“You’re serious.”

  “Completely. I know you’re a fast learner.” He performed some side-to-side movement with his upper body that looked like a funky robot while his bottom half slid the opposite direction.

  “Where did you learn that?”

  “Gay dance clubs.”

  Maggie groaned. “Unfair advantage.”

  “When we compete in a big city, I’ll let you be my fag hag and we can hit the clubs. The way we dance together will blow their minds.”

  “Show off.”

  “So we’ll work on some hip-hop moves to loosen you up at rehearsal tonight.”

  Part of the reason Seth had agreed to help her teach this class was to rehearse afterward. Their first competition was coming up in a little over a month. “All right. I’ll set up the registration table.”

  As Maggie tracked down pens and nametags, she thought about how much her life had changed in the last six months.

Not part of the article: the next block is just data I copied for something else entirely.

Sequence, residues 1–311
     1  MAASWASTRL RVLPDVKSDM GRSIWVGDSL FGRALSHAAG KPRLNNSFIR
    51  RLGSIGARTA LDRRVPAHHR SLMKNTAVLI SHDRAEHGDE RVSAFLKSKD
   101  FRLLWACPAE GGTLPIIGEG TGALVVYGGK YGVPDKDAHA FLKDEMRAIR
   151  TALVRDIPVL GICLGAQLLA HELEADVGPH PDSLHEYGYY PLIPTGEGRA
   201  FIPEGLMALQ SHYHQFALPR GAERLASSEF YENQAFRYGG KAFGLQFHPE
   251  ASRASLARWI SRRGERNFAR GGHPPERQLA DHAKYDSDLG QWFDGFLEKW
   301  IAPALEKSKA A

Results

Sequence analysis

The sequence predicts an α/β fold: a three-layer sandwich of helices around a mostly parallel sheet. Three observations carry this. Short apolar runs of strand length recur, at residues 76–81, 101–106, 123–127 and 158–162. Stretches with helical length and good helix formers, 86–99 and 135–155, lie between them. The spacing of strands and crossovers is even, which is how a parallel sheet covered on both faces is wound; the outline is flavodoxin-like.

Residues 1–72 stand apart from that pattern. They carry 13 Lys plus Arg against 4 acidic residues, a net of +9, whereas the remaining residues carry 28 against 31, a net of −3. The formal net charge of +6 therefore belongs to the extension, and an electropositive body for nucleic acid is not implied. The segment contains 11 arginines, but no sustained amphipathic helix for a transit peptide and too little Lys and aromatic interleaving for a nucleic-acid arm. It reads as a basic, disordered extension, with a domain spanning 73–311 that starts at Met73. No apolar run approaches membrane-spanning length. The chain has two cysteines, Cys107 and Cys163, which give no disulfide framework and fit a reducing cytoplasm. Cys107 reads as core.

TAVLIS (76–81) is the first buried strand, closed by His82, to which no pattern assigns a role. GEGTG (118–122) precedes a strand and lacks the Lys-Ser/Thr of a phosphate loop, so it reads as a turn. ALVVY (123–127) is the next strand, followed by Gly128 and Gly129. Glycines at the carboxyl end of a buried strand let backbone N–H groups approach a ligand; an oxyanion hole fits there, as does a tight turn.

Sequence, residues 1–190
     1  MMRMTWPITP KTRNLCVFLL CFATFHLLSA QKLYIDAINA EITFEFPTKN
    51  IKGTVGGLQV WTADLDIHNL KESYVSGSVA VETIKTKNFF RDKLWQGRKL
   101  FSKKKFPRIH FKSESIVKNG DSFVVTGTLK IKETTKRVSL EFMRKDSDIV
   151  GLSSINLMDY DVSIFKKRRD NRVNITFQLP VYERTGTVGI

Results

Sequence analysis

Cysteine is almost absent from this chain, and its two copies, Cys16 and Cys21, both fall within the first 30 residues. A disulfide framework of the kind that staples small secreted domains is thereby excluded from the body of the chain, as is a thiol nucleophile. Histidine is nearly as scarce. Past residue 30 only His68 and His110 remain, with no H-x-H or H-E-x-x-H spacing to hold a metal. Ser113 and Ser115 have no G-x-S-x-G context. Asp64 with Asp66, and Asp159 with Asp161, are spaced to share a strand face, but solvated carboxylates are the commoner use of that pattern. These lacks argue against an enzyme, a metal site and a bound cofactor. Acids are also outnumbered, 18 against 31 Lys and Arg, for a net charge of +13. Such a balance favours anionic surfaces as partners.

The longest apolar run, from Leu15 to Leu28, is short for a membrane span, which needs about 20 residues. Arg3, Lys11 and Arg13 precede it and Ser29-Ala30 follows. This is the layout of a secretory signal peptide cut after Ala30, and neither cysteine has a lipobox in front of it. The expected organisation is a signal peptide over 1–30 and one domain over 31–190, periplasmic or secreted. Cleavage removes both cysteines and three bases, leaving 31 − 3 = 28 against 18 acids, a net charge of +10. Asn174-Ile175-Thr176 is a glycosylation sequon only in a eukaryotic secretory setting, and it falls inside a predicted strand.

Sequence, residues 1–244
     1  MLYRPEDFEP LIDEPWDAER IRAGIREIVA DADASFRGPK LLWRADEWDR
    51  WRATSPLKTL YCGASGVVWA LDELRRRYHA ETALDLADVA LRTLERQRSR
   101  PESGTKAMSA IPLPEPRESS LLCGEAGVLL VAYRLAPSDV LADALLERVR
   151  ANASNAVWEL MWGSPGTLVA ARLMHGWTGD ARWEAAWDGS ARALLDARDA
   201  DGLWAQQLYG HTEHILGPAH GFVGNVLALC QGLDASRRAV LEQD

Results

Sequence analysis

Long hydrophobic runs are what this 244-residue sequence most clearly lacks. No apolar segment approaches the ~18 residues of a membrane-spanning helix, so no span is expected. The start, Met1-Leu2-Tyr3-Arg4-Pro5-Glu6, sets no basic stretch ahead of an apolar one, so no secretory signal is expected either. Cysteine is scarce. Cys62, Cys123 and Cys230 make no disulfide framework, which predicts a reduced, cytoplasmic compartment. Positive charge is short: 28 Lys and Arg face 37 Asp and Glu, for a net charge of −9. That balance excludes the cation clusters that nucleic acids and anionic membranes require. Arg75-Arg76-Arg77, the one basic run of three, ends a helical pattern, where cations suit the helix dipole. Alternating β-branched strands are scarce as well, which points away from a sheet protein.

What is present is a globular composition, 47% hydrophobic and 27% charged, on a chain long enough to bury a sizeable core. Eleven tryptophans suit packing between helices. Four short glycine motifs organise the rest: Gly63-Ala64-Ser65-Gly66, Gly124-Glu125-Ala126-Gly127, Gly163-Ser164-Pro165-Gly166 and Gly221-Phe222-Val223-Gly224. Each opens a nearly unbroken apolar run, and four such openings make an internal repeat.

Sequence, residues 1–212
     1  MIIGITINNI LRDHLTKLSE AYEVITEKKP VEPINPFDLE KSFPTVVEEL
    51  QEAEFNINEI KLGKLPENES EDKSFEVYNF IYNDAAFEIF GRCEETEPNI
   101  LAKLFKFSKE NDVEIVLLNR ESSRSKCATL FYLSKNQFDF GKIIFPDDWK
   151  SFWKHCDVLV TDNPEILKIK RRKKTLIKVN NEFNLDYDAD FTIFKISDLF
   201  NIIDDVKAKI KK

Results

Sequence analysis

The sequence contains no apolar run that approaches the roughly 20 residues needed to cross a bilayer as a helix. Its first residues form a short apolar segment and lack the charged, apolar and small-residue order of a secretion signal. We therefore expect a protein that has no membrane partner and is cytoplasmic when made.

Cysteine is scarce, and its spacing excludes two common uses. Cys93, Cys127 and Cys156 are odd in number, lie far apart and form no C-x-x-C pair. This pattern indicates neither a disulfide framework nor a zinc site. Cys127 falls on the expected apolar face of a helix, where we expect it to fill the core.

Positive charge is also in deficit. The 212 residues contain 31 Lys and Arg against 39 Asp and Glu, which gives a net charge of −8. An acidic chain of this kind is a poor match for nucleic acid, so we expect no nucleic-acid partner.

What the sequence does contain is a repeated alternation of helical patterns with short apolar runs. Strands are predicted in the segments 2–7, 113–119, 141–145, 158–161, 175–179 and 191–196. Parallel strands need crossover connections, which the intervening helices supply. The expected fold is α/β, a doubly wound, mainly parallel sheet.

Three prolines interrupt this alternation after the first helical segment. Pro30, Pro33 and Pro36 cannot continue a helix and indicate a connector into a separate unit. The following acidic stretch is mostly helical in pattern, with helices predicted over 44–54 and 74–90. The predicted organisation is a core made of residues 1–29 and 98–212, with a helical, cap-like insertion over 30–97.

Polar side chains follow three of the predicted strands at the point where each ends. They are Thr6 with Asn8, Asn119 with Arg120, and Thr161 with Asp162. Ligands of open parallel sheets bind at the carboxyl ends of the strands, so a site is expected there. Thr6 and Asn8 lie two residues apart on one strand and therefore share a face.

She hated the term corporate downsizing, but it’d happened to her. After college graduation, she’d spent five years traveling the U.S. as a troubleshooter at a top Midwest computer security company. When the company was parted out, she was transferred to a smaller division at an Air Force base in South Dakota, where she’d spent the last four years.

  Then six months ago…poof. Unemployed. At age thirty-two.

  The economy sucked and full-time jobs were scarce in her field. Maggie probably could’ve found something if she’d been willing to relocate, but her grandmother had died suddenly and her brother and sister-in-law were having their first baby. Since Grandma Ingrid had left Maggie the small family cabin outside Spearfish, she’d sold her condo in Rapid City and moseyed up the road fifty miles to be closer to her family.

  She’d found a half-time position at a doctor’s office, computerizing decades’ worth of medical records. She was overqualified, but the position offered health benefits and she didn’t mind being jammed in a small cubicle. She’d also picked up a part-time gig teaching computer literacy in the afternoons at the library, both community centers and the senior center.